Next Dave Berggren took the stage to comment on StarCraft 2's environmental design. Three environments were shown, including a Protoss forested temple world called Bel'Shir, the Terran space platform shown in the demo videos, and the fierce Zerg world of Char. Demonstrated were a number of "doodads," apparently Blizzard's term for environmental objects. For Belshir this includes stone arches and rocky structures. Heavy industrial structures, energy pipes, generators and exhaust vents were used for the space platform, and bone finger structures extending from the earth, fleshy fins, and lava canyons on Char. Berggren continued with his process of creating ground tiles, focusing on the brick floor featured on Bel'Shir. He starts out with a line drawing of brick tiles, adds light and dark areas for texture, overlays an actual picture of dirt, adjusts a few details by hand, the drops in a normal map and imports it into the game. The result, for better or worse, looked like a dirty stone floor.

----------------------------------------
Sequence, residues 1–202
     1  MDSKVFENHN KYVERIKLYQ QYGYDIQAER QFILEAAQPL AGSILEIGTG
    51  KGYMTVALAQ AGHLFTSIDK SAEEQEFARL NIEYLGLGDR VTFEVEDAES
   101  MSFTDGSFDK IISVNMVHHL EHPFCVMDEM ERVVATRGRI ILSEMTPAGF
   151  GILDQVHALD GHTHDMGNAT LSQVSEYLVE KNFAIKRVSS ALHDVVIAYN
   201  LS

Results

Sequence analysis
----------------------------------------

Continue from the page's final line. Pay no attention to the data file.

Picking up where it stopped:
After the prepared comments, the floor was opened to fans. The art panel had to field some rather strange questions, including one asking whether there'll be a StarCraft-based movie. Of course there's been no announcement yet, but Didier enthusiastically responded, "we never put anything off the table." Another crowd member asked if we'd ever see a StarCraft-based RPG or MMO, to which Didier said, "that sounds awesome, I would love to play it, but at the moment we have nothing announced."

Read full article: StarCraft 2's Art Design

Dear Blizzard/Vendini, we want some ******* Linux ports.

give us the ports!
Stop WINEing and actually tell them we want ports.

... Another call for signing the petition and proving Bizzard that the Linux installers ARE needed!

[source: Ubuntu Gamers Arena]